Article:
However, remember to even out your ground or trim it before installation; loose ground can lead to uneven end results. Also bear in mind that you cannot use rubber paver tiles with thinners, gasoline, engine oil, and other solvents that are petroleum based. It'll probably become the king of decking alternatives in the future though.
Interlocking Grass Deck Tiles
If you want a deck that looks like it’s a part of your lawn, without the maintenance an actual lawn requires, interlocking grass deck tiles are an excellent idea. These artificial deck tiles feature high-quality, durable fake grass that doesn’t need mowing, fertilizers or pesticides, and can instantly beautify the space.
Some tiles come equipped with excellent drainage systems too, making them easy to clean. The fact that these tiles are environmentally friendly (they’re recyclable) and non-toxic (making them great for households with pets and children) only adds to the allure.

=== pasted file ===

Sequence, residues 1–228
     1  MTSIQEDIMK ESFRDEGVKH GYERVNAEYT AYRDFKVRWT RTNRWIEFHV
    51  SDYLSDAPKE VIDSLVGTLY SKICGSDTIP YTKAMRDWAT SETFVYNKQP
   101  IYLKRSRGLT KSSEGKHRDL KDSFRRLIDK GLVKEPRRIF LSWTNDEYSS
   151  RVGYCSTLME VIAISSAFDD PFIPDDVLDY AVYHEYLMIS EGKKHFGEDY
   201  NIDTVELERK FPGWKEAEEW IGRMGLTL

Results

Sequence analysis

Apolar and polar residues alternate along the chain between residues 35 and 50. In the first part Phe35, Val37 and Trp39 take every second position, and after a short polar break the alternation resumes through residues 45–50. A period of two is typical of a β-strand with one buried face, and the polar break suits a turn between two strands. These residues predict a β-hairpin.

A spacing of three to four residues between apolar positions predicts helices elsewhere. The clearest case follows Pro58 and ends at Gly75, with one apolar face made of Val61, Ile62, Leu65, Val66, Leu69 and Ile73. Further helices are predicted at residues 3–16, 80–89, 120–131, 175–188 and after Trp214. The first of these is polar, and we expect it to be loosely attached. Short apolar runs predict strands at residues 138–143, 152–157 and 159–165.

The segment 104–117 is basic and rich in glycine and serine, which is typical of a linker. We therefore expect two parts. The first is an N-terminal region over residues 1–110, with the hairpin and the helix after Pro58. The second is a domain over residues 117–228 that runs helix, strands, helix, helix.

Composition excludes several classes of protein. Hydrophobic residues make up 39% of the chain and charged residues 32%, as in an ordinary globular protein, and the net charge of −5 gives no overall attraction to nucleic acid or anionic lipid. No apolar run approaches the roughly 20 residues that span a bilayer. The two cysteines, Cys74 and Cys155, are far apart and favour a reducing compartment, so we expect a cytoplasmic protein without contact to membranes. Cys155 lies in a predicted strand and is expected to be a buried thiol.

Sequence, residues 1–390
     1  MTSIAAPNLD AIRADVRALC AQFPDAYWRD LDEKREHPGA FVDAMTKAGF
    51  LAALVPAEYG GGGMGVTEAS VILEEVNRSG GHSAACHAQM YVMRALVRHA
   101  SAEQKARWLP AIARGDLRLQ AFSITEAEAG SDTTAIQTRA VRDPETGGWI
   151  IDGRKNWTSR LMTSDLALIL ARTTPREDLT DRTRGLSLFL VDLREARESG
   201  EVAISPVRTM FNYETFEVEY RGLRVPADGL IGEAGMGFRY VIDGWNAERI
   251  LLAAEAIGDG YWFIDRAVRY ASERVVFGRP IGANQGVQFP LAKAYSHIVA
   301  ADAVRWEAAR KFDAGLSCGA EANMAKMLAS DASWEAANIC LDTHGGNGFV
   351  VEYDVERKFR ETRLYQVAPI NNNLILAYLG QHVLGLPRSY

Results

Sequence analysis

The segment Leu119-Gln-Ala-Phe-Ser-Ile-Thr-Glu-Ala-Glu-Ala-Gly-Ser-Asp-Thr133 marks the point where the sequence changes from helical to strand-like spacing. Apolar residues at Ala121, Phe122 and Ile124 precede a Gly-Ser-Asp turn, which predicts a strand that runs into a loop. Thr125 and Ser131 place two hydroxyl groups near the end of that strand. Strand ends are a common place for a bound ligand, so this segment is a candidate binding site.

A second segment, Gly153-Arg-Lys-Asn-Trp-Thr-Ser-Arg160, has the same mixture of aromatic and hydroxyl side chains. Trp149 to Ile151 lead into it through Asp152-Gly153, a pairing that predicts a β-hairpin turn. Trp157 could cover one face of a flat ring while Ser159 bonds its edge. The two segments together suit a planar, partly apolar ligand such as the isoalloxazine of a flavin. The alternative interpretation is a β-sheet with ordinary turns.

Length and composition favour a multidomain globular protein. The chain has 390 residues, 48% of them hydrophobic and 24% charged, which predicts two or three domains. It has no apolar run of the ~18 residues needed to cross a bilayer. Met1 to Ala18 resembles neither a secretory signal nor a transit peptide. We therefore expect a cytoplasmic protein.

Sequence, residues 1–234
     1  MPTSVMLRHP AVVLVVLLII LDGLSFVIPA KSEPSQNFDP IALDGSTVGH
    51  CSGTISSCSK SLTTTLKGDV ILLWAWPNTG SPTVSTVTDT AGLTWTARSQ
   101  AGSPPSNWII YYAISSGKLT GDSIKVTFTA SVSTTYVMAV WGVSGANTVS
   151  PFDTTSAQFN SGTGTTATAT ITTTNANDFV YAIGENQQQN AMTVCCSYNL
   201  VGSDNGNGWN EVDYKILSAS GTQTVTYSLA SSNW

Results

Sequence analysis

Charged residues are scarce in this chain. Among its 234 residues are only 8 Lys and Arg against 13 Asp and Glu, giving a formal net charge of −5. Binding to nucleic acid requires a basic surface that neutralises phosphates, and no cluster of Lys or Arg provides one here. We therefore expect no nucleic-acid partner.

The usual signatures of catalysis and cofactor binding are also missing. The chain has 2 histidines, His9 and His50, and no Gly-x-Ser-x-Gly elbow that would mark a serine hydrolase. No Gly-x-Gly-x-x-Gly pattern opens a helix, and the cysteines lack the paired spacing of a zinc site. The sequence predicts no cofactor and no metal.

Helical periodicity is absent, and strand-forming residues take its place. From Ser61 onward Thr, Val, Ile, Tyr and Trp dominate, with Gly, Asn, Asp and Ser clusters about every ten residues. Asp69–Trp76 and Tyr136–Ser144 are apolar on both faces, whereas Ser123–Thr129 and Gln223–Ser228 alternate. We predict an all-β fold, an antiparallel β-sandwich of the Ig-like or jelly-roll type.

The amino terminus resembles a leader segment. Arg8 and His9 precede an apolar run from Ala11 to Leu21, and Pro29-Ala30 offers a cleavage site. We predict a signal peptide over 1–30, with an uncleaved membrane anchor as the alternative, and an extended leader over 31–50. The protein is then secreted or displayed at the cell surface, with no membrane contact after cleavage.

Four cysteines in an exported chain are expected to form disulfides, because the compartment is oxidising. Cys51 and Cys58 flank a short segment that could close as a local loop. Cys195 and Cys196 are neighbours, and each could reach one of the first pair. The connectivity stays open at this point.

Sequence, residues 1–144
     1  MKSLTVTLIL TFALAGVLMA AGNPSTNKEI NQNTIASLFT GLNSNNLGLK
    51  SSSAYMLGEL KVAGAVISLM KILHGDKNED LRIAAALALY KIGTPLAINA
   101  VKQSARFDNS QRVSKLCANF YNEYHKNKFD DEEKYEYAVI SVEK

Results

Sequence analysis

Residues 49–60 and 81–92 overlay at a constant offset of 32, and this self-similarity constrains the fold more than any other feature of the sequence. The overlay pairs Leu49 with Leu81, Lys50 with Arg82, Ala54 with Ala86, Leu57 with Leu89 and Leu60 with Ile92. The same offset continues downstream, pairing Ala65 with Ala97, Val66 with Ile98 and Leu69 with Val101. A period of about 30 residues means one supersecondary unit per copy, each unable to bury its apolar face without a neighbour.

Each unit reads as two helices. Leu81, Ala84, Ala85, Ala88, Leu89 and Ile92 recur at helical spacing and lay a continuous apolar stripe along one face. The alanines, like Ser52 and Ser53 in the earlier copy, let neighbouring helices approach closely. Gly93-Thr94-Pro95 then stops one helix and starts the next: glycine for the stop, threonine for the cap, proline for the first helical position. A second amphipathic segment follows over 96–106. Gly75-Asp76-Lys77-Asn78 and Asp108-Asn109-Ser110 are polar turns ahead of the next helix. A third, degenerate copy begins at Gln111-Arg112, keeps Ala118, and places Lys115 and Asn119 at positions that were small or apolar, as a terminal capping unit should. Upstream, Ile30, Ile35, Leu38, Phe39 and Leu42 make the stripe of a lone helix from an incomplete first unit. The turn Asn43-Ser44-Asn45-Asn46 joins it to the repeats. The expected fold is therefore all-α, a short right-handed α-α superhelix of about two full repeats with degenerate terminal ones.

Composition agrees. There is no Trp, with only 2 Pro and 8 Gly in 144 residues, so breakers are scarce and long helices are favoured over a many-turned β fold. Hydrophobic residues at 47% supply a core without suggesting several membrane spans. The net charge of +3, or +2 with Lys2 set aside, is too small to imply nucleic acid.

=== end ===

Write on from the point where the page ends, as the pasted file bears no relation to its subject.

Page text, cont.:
The only con with these tiles is that you may have to use back-up gluing to keep them in place. That apart, these tiles are great for all weather and climate conditions, can relieve pressure and shock, and are flame retardant, making them a superb investment.
Decking Alternatives Rock!
From vinyl to aluminum to rubber, a variety of options exist to satisfy decking needs of all sorts. Some options work out cheaper than others, while some offer better aesthetic value than others.
If you don’t want to consider any of the options listed above, you may also want to consider options such as marine flooring synthetic sheets, interlocking garage tiles, or fiber cement decking—the world is your oyster and you can choose any decking alternatives you want.